Should AI have a role in your digital marketing stack? With a wide variety of promising AI-powered tools on the market, more digital marketers are re-examining their priorities. So whether you’re new to the concept of AI, or are already exploring the right AI-powered digital marketing tools for your organization, here’s some expert guidance to help you take the next step.
Meet the Expert: Maria Flores Portillo, General Manager for Amobee in EMEA
Automation and better decision-making can hopefully free us all to spend more time doing more creative and healing work.
Maria oversees growth in the EMEA region (Europe, the Middle East and Africa) for advertising platform Amobee, a leading provider of forward thinking AdTech solutions. She brings a wealth of AI technology experience from working with companies like Google and Videoplaza, the leading video ad server in EMEA. Most recently, Maria was instrumental in the launch of Persado in the UK, bringing artificial intelligence to brands to personalize creative. A self-described nerd at heart, Maria holds an MSc in Telecommunications Engineering from Universidad Publica de Navarra and University of Surrey.
Can you give us your perspective on the current landscape of AI technology for digital marketers? The broad use case categories seem to be customer experience, data insight and personalization.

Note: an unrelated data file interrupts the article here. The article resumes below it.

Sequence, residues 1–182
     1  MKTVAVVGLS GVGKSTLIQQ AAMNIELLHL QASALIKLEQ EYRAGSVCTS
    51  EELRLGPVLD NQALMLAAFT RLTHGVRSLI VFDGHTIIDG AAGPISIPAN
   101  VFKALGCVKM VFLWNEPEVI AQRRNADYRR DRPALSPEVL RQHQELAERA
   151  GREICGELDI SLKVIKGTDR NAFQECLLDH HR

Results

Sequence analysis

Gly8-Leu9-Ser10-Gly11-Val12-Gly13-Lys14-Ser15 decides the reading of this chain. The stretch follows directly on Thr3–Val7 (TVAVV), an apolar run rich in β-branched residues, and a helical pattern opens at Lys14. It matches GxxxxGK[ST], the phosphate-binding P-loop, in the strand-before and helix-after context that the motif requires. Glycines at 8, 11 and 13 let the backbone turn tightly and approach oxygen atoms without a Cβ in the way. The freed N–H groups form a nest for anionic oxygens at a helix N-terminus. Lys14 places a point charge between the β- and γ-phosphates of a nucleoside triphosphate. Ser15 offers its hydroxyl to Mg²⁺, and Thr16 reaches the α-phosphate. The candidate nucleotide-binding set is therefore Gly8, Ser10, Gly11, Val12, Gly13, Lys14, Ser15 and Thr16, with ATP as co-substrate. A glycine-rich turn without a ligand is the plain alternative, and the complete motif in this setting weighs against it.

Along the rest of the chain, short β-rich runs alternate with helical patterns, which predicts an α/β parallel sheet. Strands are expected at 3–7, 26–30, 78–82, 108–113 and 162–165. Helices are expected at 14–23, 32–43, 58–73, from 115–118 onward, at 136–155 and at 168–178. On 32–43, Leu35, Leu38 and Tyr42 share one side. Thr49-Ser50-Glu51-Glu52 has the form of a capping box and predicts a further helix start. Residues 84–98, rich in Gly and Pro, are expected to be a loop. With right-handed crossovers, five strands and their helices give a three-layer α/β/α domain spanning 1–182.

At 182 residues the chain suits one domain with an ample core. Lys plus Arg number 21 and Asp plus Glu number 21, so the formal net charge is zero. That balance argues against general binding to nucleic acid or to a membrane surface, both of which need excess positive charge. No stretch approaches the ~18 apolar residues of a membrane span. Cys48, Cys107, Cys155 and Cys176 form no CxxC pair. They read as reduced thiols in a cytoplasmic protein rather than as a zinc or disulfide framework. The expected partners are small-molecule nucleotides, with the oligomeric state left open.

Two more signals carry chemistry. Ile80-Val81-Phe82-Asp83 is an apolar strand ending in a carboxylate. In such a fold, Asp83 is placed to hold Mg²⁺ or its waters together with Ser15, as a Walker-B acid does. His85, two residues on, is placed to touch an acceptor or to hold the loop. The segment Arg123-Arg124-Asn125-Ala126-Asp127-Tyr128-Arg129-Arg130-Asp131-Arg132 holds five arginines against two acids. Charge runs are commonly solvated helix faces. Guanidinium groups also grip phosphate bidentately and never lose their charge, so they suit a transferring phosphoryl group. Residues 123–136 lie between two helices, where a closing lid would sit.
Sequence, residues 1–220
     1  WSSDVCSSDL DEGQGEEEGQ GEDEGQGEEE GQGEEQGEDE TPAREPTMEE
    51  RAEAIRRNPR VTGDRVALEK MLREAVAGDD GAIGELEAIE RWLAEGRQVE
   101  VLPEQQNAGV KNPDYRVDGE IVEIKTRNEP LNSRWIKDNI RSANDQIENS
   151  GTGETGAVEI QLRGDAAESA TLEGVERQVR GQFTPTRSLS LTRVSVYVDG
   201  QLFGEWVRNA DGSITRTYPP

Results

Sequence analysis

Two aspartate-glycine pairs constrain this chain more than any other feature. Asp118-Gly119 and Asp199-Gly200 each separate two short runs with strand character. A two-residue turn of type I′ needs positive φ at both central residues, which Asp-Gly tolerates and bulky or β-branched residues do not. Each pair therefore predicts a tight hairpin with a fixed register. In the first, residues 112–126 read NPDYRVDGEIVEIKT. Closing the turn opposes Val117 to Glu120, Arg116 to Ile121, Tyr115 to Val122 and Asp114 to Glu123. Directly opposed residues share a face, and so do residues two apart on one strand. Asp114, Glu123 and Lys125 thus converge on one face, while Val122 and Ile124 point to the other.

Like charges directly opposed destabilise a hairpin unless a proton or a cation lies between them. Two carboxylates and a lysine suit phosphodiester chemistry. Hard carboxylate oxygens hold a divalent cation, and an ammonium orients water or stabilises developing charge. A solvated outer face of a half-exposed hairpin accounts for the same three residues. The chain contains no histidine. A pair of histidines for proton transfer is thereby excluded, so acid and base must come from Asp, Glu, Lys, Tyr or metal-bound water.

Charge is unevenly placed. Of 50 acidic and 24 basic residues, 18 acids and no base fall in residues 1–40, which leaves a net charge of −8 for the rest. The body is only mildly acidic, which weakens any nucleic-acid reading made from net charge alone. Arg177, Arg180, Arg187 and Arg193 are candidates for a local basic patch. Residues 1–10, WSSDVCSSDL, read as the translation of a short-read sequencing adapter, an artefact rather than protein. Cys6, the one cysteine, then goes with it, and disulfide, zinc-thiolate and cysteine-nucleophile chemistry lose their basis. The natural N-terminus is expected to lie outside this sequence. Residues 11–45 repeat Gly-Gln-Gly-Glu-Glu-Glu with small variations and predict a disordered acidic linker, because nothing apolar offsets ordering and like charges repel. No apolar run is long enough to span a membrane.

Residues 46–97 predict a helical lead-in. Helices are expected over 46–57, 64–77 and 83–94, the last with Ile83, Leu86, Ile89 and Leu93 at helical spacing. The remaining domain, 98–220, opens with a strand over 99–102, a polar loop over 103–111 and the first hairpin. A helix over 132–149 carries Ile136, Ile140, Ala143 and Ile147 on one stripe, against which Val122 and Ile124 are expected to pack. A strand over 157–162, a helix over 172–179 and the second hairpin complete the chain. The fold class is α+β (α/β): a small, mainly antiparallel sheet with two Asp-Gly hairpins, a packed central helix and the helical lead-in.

I agree that those could be the broad categories, though we could probably make a case against them, as they are all very much interlinked.
The basic thing to understand, before entering the specific use cases, is that what AI-related technologies have allowed most vendors to do is to make decision-making more effective and efficient. In the past, a lot of the decisions around personalization or ad placement would be based on rudimentary rules that humans would create on the back of limited data analysis. Today, algorithms can automate and massively enhance this decisioning, and the number of front-end use cases on top of that is really limitless.